Tuesday, January 2, 2018

"Your margin is my opportunity" 2.0

An article this week in the Wall Street Journal makes a bold statement on Amazon's growth prospects: it argues that Jeff Bezos' well known mantra ("Your margin is my opportunity") is a double-edged sword that will limit Amazon from achieving the world domination that everyone fears. A section entitled "What Amazon Can't Do" discusses Amazon's inability to compete in high-margin industries, citing Amazon's Fire Phone and Amazon Studios as products that are far behind the premium iPhone and HBO of their respective markets. The article claims that these high-margin industries are where the profits lie (in some form evoking Benjamin Graham's cautionary advice, "Obvious prospects for physical growth in a business do not translate into obvious profits for investors").

But I wouldn't be too quick to write-off Amazon's ability to compete in these high-margin markets. In my opinion the article misses a few key points:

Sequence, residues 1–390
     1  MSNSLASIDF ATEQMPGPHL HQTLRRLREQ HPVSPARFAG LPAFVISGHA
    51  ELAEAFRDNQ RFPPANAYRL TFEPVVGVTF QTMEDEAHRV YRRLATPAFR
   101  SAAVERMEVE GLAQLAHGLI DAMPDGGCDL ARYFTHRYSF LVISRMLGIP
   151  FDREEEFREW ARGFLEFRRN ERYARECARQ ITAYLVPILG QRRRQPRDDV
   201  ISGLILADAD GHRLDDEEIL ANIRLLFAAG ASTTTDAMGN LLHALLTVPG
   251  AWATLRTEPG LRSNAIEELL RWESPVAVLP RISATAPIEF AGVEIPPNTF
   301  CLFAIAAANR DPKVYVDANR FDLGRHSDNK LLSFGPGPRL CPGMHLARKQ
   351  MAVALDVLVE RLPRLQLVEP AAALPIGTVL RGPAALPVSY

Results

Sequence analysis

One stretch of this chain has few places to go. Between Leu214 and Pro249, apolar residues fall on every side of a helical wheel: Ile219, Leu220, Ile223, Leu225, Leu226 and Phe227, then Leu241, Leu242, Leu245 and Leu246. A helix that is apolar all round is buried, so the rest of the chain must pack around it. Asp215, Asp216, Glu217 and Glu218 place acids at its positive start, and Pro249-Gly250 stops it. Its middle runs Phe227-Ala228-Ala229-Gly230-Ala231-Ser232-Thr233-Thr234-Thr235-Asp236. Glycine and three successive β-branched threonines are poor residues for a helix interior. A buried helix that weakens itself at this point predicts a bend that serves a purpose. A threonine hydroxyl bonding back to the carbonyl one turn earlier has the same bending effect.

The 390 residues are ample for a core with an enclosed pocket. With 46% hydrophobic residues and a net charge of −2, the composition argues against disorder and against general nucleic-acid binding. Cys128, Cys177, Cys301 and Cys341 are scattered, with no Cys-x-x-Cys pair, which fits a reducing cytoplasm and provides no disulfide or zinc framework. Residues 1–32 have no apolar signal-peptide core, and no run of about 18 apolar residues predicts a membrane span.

• Amazon is and has been constructing an infrastructure that allows it to enter new markets much more easily than the average firm. This infrastructure includes (1) its seemingly infinite access to capital: investors that are willing to endure Amazon's losses quarter on quarter in pursuit of long term results and its own diversified set of businesses, as well as (2) its access to high quality data on consumer preferences through its dominance of the e-commerce retail market.
  • It already does have at least one high(er)-margin business: Whole Foods. With average grocery store margins hovering around 1 percent, Whole Foods profit margins at 4 percent are high even if the market is not a glamorous one. More telling in my opinion is the way that Amazon obtained this business: through M&A. I wouldn't underestimate Amazon's ability to use M&A strategically in the future to merge other high-margin businesses to capitalize on its strong fundamentals in physical logistics and e-commerce to compete and compete effectively.

Though "your margin is my opportunity" may originally have applied to Amazon's strategy for the basics (your Amazon Basics, Amazon tablets, and AWS) and not high-margin businesses, having a foothold in those low-margin businesses will allow Amazon to obtain an advantage with high-margin businesses in the future if it so chooses. 

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